Husband-wife team cooks up an eatery Eat in or carry out: Tim and Melinda Euler spent six months studying demographic surveys before deciding to launch their restaurant in Hampstead, in northern Carroll County.

January 17, 1996|By Mike Farabaugh | Mike Farabaugh,SUN STAFF

Opening a family-style restaurant with a gourmet touch made perfect sense to Tim Euler, a 1989 graduate of the Baltimore Culinary Institute.

All he needed was a business partner and a location.

He found the partner -- and married her -- and, after starting a family, Tim and Melinda Euler figured it would be ideal to raise 4-month-old Bethany in Westminster and open Timothy's Restaurant, Carryout and Catering in Hampstead, a rapidly growing town in northern Carroll County.

"I learned to love cooking helping my father in the kitchen when I was 3 or 4 years old," Mr. Euler said. "I had spent summers working in various restaurants in Ocean City and had worked my way through 2 1/2 years at Loyola College, working at various restaurants. I just always wanted to open my own place someday."

He had met Melinda in Rehoboth Beach, Del., where her family owned and operated Oscar's Cafe on the Green.

"My wife has had years of hands-on experience managing a restaurant, and, besides cooking, I've developed an interest in the marketing aspects of the business," he said.

The Eulers, both 29, opened Timothy's in November at the south end of Hampstead, across Route 30 from the entrance to the Black & Decker manufacturing complex.

They spent six months studying demographic surveys before deciding on the location, Mr. Euler said.

"We wanted to carve our own niche and be different from the other four or five restaurants in town," he said.

To that end, extensive planning went into the varied menu. The Eulers decided to offer inexpensive entrees, from meatloaf and spaghetti and meatballs ($7) to a hand-cut, 16-ounce porterhouse steak ($18).

Spinach fettuccine, chicken Oscar and shrimp, lobster and other seafood dishes were selected for gourmet appetites.

The Eulers wanted to appeal to old-guard Carroll Countians and to young suburbanites.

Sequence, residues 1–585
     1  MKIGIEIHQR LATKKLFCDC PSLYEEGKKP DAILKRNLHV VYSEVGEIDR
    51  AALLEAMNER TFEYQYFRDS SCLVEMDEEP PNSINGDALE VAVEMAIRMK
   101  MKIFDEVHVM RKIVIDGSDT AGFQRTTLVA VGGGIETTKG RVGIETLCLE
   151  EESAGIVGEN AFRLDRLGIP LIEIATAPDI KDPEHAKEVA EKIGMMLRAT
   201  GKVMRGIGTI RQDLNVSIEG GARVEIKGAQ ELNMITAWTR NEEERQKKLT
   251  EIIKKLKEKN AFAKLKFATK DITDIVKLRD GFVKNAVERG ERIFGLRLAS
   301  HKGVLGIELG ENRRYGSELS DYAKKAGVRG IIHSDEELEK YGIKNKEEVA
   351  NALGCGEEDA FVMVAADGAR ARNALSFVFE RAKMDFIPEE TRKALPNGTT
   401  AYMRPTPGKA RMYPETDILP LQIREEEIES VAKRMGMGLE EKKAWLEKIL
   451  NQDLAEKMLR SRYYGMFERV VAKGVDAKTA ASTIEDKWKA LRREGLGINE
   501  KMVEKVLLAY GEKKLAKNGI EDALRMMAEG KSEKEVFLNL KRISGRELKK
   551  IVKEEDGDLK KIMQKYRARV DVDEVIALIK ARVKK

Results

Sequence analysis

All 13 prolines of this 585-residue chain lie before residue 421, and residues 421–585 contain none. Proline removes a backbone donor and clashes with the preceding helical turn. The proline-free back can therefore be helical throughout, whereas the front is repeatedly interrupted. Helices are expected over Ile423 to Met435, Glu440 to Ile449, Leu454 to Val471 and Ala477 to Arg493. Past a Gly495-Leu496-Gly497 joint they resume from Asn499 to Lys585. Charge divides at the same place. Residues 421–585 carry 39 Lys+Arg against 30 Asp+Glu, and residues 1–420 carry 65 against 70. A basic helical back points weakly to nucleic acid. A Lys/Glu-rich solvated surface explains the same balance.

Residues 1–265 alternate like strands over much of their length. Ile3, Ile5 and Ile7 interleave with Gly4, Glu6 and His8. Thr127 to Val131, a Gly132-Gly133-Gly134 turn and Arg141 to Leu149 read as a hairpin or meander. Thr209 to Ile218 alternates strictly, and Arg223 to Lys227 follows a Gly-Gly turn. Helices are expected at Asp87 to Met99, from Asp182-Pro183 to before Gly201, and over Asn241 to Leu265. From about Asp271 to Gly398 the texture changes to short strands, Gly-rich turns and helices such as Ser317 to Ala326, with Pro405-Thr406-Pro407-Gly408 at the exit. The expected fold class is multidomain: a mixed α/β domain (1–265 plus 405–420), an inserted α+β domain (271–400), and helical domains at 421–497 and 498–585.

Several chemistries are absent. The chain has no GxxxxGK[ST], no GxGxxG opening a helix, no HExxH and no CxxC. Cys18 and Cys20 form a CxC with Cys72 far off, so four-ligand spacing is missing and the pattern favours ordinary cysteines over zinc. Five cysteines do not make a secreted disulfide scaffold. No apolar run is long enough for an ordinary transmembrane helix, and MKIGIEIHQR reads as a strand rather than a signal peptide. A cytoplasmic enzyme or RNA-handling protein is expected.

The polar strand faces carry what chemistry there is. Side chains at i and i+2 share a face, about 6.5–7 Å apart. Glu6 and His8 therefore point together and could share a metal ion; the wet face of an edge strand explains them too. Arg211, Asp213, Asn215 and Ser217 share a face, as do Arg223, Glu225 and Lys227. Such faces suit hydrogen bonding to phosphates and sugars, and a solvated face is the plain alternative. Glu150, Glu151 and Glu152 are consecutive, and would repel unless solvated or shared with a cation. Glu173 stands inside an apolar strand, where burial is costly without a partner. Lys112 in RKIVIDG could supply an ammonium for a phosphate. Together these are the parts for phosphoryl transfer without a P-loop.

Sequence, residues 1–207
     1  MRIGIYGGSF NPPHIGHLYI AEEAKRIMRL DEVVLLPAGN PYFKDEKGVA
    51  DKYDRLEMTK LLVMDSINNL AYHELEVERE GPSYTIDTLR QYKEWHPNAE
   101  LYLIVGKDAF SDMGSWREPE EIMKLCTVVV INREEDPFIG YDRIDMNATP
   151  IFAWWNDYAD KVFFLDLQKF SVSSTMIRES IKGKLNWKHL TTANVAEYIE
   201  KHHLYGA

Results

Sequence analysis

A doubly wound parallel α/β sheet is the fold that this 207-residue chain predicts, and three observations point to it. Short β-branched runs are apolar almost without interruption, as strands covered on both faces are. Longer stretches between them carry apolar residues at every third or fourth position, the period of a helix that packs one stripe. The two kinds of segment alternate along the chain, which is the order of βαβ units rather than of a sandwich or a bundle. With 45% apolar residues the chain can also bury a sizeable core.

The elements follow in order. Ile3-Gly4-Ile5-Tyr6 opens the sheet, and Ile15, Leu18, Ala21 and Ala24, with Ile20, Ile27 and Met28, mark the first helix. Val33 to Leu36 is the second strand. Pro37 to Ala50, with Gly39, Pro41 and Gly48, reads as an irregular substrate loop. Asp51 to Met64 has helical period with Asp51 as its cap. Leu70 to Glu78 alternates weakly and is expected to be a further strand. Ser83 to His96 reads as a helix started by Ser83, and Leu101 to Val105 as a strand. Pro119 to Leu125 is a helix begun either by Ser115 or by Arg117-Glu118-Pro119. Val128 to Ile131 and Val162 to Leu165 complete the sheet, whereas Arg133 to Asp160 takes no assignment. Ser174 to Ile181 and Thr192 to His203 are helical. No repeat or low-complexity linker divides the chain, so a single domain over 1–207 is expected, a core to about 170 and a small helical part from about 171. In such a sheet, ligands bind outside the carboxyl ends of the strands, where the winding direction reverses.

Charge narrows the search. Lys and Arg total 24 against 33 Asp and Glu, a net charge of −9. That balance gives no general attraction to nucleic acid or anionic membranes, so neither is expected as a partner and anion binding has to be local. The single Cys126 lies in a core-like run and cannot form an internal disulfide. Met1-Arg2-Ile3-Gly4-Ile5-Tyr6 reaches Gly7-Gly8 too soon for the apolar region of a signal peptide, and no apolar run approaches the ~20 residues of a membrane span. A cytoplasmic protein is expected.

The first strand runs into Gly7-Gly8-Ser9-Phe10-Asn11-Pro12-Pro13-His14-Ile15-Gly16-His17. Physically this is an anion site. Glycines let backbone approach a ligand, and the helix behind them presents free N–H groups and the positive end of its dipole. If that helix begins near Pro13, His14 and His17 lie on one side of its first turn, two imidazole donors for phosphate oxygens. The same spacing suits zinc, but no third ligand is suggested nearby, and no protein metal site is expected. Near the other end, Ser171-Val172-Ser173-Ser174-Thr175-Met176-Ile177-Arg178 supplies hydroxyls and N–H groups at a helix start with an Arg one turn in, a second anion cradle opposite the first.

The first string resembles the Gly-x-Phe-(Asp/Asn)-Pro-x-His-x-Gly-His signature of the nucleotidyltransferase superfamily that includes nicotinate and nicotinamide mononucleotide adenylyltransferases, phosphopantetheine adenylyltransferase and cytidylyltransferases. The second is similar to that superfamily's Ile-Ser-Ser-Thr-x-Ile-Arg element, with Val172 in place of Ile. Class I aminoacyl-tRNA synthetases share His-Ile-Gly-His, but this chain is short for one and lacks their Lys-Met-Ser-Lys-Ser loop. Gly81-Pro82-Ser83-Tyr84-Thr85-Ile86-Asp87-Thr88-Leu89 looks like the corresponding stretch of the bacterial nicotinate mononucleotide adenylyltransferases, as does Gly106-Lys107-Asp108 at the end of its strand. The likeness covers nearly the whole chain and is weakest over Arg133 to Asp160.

"And Melinda bakes all of our homemade desserts," Mr. Euler said, touting her Chocolate Decadence cake and Linzer tortes as two of the fancier offerings.

The Eulers plan to grow many of their own vegetables, spices and herbs.

"I'm very big on freshness," Mr. Euler said.

Timothy's is open for lunch anddinner, and for breakfast on weekends -- meaning Tim and Melinda often spend nearly 100 hours a week at work.

Bethany spends her days with her parents, napping in a crib set up in a rear office when not flashing an infant's alluring smile across the bright and cheery dining room.

The decor includes curtains made by Mrs. Euler, antique knickknacks, and wood and opaque glass block dividers. Linen tablecloths cover the tables.

To attract new business, Timothy's offers two-for-one entrees on Mondays and a prime rib and shrimp combination on Tuesdays.

"We do party catering, also," Mr. Euler said.

Naming the business after himself was risky, Mr. Euler said.

"I thought about not doing that for all of about five minutes," he said. "In this business, you can lose your reputation very quickly in the first couple of years, if you are not careful."

A few customers have suggested that the fare is overpriced, Mr. Euler said, but luncheon items such as a club sandwich or a "Belly Buster," a 10-ounce hamburger and french fries, cost less than $5.

"Within two years, we hope to expand, adding a bar and bistro area to complement our family-oriented dining room," he said.

Until last week's blizzard, Timothy's business was snowballing.

"The snow hurt everyone," Mr. Euler said. "You just have to move on."

Baltimore Sun Articles
|
|
|
Please note the green-lined linked article text has been applied commercially without any involvement from our newsroom editors, reporters or any other editorial staff.